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Money books that make great gifts

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"The Little Book of Common Sense Investing" by John Bogle. Written by the founder of the Vanguard Group, this book argues that the dream of outperforming the market is actually an illusion. Bogle recommends passive investing as a simple time-tested investment strategy likely to earn the best returns. For more about Bogle, read Bankrate's interview "Advice from the index-fund mastermind."

"A Random Walk Down Wall Street" by Burton Malkiel. Another classic overview of investing, it features an examination of all manner of investment opportunities, from stocks and bonds to collectibles and homeownership.

"Malkiel gives readers an understanding of why it's better to try to harness what the market does well, rather than trying to beat it," Yeske says.

"Get A Life: You Don't Need a Million to Retire Well" by Ralph Warner. This book promotes the idea of a fulfilling retirement through living well without running up expenses. Warner emphasizes the importance of being engaged in community, keeping friends and family in your life, taking good care of yourself and remembering to play.

"Solving the Retirement Puzzle" by Peter Lindquist. This book contains the personal stories of 40 retirees and how they crafted fulfilling post-work lives. Benton likes the book because it goes beyond mere finances and explores other issues surrounding retirement.

"For many, retirement is actually moving to another stage of activity and self-realization," Benton says. "Emotional and spiritual issues dominate and must be addressed."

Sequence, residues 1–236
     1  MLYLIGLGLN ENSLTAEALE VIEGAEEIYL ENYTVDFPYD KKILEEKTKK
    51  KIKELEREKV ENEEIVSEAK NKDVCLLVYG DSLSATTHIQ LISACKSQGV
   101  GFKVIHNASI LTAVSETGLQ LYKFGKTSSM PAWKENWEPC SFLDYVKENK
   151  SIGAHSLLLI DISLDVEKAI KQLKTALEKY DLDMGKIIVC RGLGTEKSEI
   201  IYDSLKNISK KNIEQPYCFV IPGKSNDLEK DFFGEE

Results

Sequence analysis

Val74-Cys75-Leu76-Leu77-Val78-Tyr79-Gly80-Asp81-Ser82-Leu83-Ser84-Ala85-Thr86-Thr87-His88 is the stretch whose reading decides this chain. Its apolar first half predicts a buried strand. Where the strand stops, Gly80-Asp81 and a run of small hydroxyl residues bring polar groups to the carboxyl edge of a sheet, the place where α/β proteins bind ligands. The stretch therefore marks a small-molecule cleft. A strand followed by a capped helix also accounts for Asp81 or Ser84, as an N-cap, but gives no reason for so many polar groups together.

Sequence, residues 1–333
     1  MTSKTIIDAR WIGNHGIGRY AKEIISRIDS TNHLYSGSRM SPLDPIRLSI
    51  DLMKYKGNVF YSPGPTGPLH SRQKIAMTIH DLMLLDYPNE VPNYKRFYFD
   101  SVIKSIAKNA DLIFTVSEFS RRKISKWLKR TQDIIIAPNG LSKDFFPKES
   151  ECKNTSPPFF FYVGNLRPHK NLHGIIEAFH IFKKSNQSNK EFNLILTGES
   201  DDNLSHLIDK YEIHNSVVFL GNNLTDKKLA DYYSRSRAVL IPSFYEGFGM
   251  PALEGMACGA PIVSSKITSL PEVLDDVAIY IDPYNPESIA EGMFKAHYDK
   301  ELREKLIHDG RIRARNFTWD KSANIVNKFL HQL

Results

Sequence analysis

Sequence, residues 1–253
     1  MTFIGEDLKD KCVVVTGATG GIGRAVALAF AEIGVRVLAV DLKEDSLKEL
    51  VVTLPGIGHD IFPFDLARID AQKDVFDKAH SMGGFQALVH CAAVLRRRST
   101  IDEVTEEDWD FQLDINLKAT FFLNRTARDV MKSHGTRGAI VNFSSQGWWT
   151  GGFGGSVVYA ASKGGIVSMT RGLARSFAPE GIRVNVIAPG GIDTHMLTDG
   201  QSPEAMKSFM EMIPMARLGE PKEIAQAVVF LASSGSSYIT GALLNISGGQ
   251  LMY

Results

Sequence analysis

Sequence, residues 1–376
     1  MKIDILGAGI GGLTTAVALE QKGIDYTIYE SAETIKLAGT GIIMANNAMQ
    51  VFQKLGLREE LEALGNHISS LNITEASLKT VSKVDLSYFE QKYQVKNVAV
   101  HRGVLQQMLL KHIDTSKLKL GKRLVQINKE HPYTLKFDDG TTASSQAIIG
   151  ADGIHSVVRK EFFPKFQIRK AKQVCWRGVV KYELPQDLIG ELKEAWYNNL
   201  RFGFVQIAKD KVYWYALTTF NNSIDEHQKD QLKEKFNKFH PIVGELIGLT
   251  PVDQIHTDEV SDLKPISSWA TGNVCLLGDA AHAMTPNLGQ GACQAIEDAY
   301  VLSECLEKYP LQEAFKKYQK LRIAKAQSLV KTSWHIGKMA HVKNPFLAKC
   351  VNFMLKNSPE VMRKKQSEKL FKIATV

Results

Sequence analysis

In the book, Lindquist also argues that people who do not begin to address these questions during their latter working years are unlikely to be successful during retirement.

"The Seven Stages of Money Maturity" by George Kinder. An exploration of our inner relationship with money, Kinder's book looks at how people seek spiritual meaning in wealth and suggests tips for navigating seven states: innocence, pain, knowledge, understanding, vigor, vision, and aloha, you're on the road to financial security.

"What Color Is Your Parachute? For Retirement: Planning Now for the Life You Want" by Richard Nelson Bolles and John E. Nelson. Based on the original book that has helped millions choose the right career, this sequel is intended to help people of all ages plan better for retirement.

"At this stage of life, what really matters is (that) you have prepared yourself financially," Hughes said. "The book tends to match lifestyle wishes to habits and connect a financial cost to them."

"On Your Own: A Widow's Passage to Emotional and Financial Well-Being" by Alexandra Armstrong and Mary Donahue. Highly recommended by many of the financial professionals surveyed, this book provides an emotional and financial road map for the recently widowed.

The book argues that following the death of a spouse, emotional healing and financial recovery are so closely related that they cannot be separated. Financial planner Armstrong and psychologist Donahue join forces to provide step-by-step instructions to emerging from grief into a new life.

"The New Retirement" by Jan Cullinane and Cathy Fitzgerald. As people live longer, the rules of a traditional retirement do not always apply.

"Today, retirees are movers and shakers," says DeRose. "That's why they want to make sure that their money lasts, so they can do all these wonderful things in the next chapter of their lives."

The book features lists of attractive retirement communities and sections on travel, second homes, and financial and tax information relevant to today's retirees.'s corrections policy -- Posted: Nov. 27, 2007
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